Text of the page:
1. Evaluation – Where people stand relative to objectives and standards
  2. Development – Assists in training and continued personal development
  • Performance appraisal methodsorganizations might employ:
    • Graphic rating scales – Checklists of traits or characteristics thought to be related to high job performance. Quick and easy to use; questionable reliability and validity
    • Behaviourally anchored rating scales (BARS) – Explicit descriptions of actual behaviours that exemplify various levels of performance achievement. More reliable and valid than graphic rating scales; helpful in training people to master important job skills
    • Critical-incident techniques – Running log or inventory of effective and ineffective behaviours. Documents success or failure patterns





    • Multi-person comparisons– Compares person’s performance with that of one or more others. Types of multi-person comparisons include:
      • Rank ordering – Each person arranged in order of performance or achievement
      • Paired comparisons – Each person compared with every other person and rated the superior or weaker member of the pair
      • Forced distributions – Each person placed into a frequency distribution that requires that a certain percentage fall into specific classifications (top 10%, next 40%, next 40%, bottom 10%)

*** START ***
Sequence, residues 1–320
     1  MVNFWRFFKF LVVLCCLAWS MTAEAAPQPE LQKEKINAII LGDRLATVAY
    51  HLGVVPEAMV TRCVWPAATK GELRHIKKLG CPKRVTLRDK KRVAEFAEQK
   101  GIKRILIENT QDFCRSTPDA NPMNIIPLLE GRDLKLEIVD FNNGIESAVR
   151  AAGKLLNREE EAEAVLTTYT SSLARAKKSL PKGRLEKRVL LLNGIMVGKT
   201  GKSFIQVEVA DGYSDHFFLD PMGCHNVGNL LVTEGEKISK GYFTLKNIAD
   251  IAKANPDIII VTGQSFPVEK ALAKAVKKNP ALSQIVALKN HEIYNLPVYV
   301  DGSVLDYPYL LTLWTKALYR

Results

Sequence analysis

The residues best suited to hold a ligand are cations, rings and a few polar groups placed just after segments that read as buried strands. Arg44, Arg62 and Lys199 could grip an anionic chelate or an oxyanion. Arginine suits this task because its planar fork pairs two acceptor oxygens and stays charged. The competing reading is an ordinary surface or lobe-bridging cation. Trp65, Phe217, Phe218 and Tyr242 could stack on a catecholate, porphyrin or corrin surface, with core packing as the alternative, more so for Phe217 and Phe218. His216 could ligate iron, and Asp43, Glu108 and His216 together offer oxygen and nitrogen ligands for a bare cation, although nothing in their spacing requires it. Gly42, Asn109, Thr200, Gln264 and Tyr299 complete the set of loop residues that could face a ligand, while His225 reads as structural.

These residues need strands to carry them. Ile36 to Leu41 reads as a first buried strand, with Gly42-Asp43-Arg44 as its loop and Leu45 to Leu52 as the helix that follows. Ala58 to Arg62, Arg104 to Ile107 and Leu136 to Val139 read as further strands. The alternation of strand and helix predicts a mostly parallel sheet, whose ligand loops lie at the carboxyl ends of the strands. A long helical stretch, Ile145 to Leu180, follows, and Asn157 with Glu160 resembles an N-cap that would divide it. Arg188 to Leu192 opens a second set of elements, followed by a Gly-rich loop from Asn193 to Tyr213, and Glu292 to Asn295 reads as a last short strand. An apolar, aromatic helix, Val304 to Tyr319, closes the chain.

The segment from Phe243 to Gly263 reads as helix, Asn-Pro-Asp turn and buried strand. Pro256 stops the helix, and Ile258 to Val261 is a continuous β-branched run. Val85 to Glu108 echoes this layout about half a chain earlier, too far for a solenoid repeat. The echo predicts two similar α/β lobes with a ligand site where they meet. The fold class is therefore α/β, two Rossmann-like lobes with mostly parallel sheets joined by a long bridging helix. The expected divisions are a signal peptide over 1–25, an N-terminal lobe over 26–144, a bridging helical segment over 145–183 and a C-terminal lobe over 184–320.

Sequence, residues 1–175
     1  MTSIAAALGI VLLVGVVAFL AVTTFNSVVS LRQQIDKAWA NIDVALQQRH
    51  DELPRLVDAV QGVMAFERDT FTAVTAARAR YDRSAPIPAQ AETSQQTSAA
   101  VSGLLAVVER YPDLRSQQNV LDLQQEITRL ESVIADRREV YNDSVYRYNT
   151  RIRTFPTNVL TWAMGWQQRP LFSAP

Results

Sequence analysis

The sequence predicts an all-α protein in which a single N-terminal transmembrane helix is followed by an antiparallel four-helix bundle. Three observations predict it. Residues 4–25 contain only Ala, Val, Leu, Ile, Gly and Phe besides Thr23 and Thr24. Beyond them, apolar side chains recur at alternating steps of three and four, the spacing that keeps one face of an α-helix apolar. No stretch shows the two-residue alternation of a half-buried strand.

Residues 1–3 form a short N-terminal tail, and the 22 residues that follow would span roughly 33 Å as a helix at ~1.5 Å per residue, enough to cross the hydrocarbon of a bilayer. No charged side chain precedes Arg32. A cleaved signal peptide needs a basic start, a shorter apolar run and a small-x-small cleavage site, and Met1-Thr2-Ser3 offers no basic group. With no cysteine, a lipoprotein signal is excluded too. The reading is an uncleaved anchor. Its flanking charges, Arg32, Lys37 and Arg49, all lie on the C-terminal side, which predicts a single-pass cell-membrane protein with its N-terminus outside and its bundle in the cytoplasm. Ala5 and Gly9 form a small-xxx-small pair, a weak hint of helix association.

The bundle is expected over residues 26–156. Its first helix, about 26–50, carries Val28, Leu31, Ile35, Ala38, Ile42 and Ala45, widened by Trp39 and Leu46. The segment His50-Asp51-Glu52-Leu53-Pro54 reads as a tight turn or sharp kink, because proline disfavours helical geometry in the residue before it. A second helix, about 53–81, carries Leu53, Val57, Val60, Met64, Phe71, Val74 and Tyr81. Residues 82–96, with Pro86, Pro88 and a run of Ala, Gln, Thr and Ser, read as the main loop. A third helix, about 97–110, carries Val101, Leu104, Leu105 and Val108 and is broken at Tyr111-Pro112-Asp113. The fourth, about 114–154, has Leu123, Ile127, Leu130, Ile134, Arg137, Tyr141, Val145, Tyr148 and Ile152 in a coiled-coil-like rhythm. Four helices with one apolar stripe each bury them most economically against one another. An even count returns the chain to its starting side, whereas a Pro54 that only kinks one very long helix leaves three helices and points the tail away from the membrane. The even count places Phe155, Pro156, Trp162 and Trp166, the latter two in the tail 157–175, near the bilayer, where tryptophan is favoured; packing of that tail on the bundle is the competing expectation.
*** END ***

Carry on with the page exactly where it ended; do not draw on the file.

• Not all performance appraisals are completed only by one’s immediate boss. Alternatives to supervisory appraisal:
    • Peer appraisal – People who work regularly and directly with a jobholder involved in appraisal
    • Upward appraisal – Subordinates reporting to the jobholder involved in appraisal
    • 360° feedback – Superiors, subordinates, peers, and even internal and external customers involved in appraisal


Maintaining a Quality Workforce


  • Not enough to attract and develop workers with the talents to achieve high-performance results for the short-term only
  • They must successfully retained, nurtured and managed for long-term effectiveness
  • Career development:
  • Progression and development of ones career has become an important employment consideration 
  • Basic career development concepts:
  • Career: Sequence of jobs that constitute what a person does for a living
  • Career path: Sequence of jobs held over time during a career
  • Career planning: Process of systematically matching career goals and individual capabilities with opportunities for their fulfillment
  • Career plateau: Position from which someone is unlikely to move to a higher level of work responsibility



  • Work-life balance:
  • How people balance career demands with personal and family needs has become a very important issue in maintaining a quality workforce
  • Progressive employers support a healthy work-life balance